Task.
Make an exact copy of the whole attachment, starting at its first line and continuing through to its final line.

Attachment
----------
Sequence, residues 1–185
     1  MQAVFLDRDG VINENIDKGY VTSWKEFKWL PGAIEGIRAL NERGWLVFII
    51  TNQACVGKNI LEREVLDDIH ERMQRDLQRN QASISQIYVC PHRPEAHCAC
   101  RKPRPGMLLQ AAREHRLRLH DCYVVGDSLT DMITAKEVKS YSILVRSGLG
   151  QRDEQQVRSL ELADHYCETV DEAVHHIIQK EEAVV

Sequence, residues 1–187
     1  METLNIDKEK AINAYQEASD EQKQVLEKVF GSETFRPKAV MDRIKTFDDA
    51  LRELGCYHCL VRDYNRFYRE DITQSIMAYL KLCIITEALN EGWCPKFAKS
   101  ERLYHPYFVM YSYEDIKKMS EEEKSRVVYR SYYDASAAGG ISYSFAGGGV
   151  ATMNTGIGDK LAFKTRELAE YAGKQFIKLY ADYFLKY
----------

Sequence, residues 1–185
     1  MQAVFLDRDG VINENIDKGY VTSWKEFKWL PGAIEGIRAL NERGWLVFII
    51  TNQACVGKNI LEREVLDDIH ERMQRDLQRN QASISQIYVC PHRPEAHCAC
   101  RKPRPGMLLQ AAREHRLRLH DCYVVGDSLT DMITAKEVKS YSILVRSGLG
   151  QRDEQQVRSL ELADHYCETV DEAVHHIIQK EEAVV

Sequence, residues 1–187
     1  METLNIDKEK AINAYQEASD EQKQVLEKVF GSETFRPKAV MDRIKTFDDA
    51  LRELGCYHCL VRDYNRFYRE DITQSIMAYL KLCIITEALN EGWCPKFAKS
   101  ERLYHPYFVM YSYEDIKKMS EEEKSRVVYR SYYDASAAGG ISYSFAGGGV
   151  ATMNTGIGDK LAFKTRELAE YAGKQFIKLY ADYFLKY